I understand. I would trade brilliance with the ability to meld into the world a bit better any day. An average intelligence kid can work hard to attain better grades. But a really smart kid that has a hard time connecting with the world makes me wring my hands and grow gray hairs...

  • At 10:39 PM, Blogger Six Green Zebras said…

    I wish I had brilliant words for you but I don't. I have the same wish for the Little Man, that he just be able to keep friends, not alienate them away. I can't fathom middle school and hope for the best for you when you get there.

  • At 11:15 PM, Anonymous Anonymous said…

    BA, your post reminds me so much of my 10 year old son who is diagnosed with Asperger's Syndrome.

    So many times people with Asperger's Syndrome are diagnosed with ADD, ADHD, and many other things before getting the real diagnoses of AS.

    If your son has AS and is diagnosed he can get special help at school and get OT to help with the social skills he needs to develope.

    I chose to homeschool my son and we get him into the public as much as possible with therapist, OT, and various tutors. This is all great for him and he also gets socialization thru many other areas in his life.

    If your son has AS he NEEDS to be diagnosed NOW and get the help NOW before he becomes an adult and can't funtion without you.

    Trust me, I'm married to a 34 year old man with Asperger's Syndrome...

    E-mail me if you want to discuss it.

    dabe at intrstar dot net

  • At 11:29 PM, Blogger crazymumma said…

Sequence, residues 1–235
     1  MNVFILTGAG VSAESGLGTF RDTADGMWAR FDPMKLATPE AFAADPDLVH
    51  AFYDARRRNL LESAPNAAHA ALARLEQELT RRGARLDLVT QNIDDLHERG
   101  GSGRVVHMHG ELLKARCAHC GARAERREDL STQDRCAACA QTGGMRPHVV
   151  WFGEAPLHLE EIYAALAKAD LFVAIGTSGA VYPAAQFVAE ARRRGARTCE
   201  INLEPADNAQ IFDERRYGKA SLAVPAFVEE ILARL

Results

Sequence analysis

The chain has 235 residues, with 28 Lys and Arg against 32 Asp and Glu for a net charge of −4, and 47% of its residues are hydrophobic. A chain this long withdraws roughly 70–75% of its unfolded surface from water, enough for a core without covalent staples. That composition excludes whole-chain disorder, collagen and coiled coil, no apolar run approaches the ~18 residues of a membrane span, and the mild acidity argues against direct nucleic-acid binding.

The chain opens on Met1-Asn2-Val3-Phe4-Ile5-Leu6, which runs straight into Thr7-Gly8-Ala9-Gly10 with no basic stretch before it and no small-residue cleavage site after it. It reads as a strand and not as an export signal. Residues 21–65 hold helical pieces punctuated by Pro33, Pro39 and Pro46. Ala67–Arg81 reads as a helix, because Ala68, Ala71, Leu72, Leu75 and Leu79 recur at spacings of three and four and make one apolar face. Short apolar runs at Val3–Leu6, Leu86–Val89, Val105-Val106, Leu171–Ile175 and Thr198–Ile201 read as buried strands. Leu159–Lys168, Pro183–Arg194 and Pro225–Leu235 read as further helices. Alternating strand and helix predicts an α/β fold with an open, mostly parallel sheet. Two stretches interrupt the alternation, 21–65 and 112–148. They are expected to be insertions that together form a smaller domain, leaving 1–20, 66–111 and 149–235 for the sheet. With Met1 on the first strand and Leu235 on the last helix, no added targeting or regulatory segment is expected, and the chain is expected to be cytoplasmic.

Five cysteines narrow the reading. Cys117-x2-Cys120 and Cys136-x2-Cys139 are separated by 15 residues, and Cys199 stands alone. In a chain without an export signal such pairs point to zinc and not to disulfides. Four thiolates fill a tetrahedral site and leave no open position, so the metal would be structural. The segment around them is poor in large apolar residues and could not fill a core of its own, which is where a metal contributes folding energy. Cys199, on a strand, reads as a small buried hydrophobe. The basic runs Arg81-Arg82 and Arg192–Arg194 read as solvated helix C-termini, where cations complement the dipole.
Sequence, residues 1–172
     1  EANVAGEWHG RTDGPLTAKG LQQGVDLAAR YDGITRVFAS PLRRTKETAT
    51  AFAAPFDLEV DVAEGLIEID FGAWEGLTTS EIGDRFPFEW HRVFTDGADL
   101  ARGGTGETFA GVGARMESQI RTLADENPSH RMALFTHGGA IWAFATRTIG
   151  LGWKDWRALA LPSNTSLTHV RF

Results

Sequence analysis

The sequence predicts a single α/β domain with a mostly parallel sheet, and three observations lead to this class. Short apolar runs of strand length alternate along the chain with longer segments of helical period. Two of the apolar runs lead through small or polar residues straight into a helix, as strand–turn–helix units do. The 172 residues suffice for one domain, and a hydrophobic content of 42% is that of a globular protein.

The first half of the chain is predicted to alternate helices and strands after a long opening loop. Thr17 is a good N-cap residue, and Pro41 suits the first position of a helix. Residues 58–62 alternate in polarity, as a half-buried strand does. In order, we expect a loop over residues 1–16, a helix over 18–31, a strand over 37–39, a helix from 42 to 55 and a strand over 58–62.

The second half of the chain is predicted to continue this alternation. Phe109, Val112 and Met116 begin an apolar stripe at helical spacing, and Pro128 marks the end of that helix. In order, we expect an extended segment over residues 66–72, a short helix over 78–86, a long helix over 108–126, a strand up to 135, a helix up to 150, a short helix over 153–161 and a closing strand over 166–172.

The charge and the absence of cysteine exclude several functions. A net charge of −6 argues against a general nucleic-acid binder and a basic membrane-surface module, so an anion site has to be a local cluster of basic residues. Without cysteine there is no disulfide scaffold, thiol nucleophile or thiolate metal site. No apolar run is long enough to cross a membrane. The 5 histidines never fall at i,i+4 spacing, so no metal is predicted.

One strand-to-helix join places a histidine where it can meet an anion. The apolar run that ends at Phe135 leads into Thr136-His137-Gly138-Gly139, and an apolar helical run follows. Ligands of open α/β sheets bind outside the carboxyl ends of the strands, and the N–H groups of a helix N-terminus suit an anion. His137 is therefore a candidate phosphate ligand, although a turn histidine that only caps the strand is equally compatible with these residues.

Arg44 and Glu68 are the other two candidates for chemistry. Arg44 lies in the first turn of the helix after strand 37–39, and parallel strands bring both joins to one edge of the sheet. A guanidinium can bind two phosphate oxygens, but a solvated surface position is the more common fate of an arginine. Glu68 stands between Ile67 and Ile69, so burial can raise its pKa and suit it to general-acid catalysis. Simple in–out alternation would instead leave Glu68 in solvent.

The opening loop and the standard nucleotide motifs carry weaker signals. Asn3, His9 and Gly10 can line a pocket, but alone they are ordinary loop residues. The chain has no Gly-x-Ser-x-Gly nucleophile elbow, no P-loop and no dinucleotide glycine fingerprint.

Oh man. I go away for like a week and the first post I read is this.

  • At 4:09 PM, Blogger Kathryn in NZ said…

    I forgot to say yesterday that the thing my sister did with my Aspergers nephew was martial arts - a bit like the Yoga/ meditation suggestion in the comments. Gives them space, control and body awareness (plus an outlet for frustration). Then he moved into solo sail racing (normal here Auckland isn't called the City of Sails for nothing) and that's helped heaps cos any action he makes gets an instant reaction from the boat. Plus being sporty in NZ helps your social acceptance level.... sigh.
    Just my two cents worth :)

  • At 1:29 PM, Anonymous Anonymous said…

    My grandsons both have Aspergers, one more affected than the other. The oldest does not get consequences at all...neither positive or negative ones. He is forever getting into trouble of all kinds and does not learn the connections between his actions and reactions of others. He doesn't even seem to notice others are reacting. Blessings to all the kids out there who just don't fit.

  • At 3:44 PM, Blogger Jules of Whimsicalnotions blog said…